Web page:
Hot dog, hot dog, hot-diggity-dog!
Increasing sales and the spread of its business to 15 states is prompting Sahlen Packing Co. Inc. to expand its Buffalo operation with a new high-pressure packaging and storage facility.
The goal is to enhance food safety, while also extending the shelf-life of its meats, which don't sell as quickly outside of the Western New York marketplace. That will allow the company to broaden its sales and tap a bigger consumer base.
The maker of the popular Buffalo hot dog, headquartered at 318 Howard St., wants to reuse a vacant 17,500-square-foot building around the corner at 17 Montgomery St., while also constructing a 15,500-square-foot addition. The new $6.5 million facility will be refrigerated, since workers will be dealing with meat.
For part of the building, officials plan to install a large specialized packaging and pasteurization machine, which places the packaged hotdogs or other meat into a canister under water, where they are subjected to high pressure for six to eight minutes. The meat is then boxed and put into refrigerated storage in another part of the building, which will operate from 6 a.m. to 6 p.m.
The process "gives us an extra layer of food safety," said company president Joseph Sahlen Jr., noting that the new system "basically kills all bacteria in the packaged product." As a result, its products can now last 160 days on store shelves.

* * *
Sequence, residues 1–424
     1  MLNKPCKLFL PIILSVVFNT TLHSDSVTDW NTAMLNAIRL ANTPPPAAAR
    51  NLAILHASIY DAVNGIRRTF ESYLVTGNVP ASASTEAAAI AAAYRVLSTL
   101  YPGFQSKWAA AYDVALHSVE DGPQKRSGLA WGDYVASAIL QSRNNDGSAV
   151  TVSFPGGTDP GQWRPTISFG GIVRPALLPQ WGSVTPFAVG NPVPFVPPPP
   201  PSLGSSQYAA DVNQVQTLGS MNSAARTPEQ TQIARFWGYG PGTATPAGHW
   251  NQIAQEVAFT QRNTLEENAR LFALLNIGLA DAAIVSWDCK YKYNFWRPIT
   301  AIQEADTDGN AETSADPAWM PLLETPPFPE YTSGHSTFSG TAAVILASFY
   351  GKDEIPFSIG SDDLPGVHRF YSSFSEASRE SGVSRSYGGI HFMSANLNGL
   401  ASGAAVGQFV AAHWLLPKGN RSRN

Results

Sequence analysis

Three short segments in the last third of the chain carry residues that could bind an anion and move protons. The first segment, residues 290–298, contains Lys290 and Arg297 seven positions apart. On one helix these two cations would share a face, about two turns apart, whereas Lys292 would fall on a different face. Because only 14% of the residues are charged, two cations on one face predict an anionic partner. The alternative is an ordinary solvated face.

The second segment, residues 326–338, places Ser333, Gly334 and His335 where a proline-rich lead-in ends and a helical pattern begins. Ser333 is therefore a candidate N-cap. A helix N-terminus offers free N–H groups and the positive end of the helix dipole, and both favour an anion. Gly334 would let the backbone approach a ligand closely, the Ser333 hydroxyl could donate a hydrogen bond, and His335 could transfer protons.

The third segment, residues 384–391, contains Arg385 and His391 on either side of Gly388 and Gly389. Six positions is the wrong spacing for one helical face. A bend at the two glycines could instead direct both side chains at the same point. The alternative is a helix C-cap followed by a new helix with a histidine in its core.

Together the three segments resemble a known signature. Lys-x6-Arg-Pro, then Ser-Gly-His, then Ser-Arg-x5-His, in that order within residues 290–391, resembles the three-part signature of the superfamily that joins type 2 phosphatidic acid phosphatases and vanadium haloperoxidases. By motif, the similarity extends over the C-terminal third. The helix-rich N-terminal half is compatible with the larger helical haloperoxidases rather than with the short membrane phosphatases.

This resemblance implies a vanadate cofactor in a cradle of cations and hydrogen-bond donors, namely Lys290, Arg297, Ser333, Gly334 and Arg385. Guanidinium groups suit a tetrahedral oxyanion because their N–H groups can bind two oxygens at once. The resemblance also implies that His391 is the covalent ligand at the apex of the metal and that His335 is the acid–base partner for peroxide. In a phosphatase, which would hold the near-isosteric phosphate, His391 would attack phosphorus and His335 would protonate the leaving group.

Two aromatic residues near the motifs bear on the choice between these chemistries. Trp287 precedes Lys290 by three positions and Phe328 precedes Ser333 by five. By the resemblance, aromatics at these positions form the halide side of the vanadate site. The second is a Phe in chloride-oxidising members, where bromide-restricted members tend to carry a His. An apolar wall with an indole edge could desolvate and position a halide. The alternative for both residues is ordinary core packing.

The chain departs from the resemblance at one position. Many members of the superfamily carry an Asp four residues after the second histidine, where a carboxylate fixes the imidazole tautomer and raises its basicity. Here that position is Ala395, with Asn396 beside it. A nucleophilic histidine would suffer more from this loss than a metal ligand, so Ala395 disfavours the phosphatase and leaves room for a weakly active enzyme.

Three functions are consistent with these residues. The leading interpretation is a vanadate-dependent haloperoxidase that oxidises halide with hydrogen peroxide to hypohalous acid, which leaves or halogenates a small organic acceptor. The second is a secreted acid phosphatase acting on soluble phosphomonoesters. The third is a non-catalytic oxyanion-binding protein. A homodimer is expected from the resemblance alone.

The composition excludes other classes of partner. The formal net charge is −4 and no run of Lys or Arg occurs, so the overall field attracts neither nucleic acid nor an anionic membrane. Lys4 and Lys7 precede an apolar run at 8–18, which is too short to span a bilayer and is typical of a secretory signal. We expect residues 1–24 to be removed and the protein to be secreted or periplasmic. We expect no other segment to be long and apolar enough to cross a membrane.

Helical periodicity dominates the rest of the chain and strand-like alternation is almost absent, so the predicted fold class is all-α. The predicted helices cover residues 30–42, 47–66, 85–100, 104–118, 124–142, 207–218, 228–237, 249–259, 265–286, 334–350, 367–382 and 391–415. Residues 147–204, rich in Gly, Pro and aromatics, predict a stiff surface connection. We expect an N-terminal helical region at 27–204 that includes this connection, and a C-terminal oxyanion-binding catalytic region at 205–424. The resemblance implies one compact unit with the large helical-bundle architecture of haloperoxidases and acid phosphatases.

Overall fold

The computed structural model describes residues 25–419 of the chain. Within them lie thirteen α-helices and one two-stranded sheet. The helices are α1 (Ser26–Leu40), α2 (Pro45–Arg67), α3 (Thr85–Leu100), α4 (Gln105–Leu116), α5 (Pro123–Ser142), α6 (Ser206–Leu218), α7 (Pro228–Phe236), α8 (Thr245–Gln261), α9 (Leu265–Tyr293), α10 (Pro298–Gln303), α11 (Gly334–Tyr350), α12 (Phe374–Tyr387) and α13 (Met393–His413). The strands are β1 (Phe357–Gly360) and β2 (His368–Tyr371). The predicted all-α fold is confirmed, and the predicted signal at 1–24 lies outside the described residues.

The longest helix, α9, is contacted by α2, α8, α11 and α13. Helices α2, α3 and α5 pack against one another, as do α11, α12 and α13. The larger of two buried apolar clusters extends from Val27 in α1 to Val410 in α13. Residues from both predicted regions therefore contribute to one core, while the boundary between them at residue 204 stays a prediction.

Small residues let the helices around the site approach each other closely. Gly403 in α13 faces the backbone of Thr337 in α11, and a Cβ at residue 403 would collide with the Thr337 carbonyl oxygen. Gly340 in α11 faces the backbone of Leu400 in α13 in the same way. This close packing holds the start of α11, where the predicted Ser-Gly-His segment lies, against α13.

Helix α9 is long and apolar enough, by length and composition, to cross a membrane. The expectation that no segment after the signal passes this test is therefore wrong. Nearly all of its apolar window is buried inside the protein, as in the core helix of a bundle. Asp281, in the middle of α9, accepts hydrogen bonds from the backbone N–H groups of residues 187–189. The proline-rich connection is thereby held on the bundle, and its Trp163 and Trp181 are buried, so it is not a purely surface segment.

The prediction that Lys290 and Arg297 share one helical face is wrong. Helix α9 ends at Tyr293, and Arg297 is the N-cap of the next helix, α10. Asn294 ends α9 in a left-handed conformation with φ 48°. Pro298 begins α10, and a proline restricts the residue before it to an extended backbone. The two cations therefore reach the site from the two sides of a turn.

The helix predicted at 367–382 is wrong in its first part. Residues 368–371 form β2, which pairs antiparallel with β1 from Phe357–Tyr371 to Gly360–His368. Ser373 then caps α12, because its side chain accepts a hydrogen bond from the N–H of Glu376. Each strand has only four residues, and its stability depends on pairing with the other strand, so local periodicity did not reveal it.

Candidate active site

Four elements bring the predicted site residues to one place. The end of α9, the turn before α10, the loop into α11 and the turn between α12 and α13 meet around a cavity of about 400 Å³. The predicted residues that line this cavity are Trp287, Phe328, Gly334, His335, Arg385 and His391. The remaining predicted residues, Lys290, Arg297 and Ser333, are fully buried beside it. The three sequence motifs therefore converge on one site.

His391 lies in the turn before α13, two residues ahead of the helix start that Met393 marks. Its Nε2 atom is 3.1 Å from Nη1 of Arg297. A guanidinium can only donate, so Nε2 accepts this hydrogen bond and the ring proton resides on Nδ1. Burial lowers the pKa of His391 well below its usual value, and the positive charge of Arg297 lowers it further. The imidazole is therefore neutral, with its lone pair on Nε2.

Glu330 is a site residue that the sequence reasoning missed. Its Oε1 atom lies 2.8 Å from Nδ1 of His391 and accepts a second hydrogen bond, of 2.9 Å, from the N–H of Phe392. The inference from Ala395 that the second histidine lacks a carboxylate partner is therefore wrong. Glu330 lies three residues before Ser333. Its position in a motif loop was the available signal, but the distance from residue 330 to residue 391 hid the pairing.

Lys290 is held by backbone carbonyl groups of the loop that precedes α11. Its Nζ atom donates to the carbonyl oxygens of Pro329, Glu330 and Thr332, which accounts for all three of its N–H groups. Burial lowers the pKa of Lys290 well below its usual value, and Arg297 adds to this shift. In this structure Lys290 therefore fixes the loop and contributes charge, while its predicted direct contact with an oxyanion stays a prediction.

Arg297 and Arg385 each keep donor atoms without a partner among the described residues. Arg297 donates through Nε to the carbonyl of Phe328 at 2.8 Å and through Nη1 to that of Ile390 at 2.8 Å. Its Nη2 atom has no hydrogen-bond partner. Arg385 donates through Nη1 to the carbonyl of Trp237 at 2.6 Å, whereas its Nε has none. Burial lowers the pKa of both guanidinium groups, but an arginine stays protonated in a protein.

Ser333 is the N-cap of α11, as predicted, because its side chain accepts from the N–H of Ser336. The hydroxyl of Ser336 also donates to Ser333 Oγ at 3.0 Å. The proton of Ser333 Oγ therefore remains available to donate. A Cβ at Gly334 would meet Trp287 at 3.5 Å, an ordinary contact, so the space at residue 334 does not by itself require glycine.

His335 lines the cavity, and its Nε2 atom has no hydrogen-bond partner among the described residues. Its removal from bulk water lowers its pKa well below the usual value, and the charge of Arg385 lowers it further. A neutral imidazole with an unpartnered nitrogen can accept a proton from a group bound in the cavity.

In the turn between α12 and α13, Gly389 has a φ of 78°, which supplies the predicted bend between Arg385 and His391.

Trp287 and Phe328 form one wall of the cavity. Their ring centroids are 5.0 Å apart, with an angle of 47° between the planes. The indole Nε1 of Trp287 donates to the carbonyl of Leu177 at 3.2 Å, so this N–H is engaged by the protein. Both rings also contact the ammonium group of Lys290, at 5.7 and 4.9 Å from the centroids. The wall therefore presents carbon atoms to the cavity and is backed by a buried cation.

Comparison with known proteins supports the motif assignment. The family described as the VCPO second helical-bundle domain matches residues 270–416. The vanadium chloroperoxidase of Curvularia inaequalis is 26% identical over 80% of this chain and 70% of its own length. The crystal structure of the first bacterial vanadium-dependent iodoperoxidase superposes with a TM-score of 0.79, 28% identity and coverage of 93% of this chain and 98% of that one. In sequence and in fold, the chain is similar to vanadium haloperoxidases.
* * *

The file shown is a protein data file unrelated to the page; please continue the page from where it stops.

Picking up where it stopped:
It's also a more efficient production process, Sahlen said, since the company typically has difficulty maintaining staff for its facility. Sahlen said he expects six or seven employees to work in the new operation.
"This really puts us in the forefront and able to compete on a national basis," Sahlen said. "Recalls are the end of the world. If Sahlens were to have a recall for whatever reason, that's devastating. You want to be able to kill bacteria."
The expansion marks a milestone for the family-owned business, which will mark its 150th anniversary in 2019. Founded in 1869, by a previous Joseph Sahlen, the company sells hotdogs, sausages, smokehouse ham and other deli meats in 15 to 18 states. Last fall, it expanded sales through an agreement with Lakeland, Fla.-based Publix, a supermarket chain with 1,131 stores in Florida, Georgia, Alabama, North and South Carolina and Tennessee.
That growth is "still in its infancy," Sahlen said, noting that "out-of-town markets take time to develop." Still, he said the company ships 10,000 to 15,000 pounds of product every week.
The 1.57-acre parcel is located next to the rest of the Sahlen's complex, near Fillmore Avenue and William Street. Plans by C&S Cos. and Bammel Architects call for the company to keep the existing foundation and walls of the brick building, while replacing the roof and concrete slab. The red metal-panel addition will include three loading docks, as well as new sanitary, storm, water and electric services, and new trees.
The project was approved Monday by the Buffalo Planning Board.
Sahlen said he hopes to operate the expansion by the end of the year.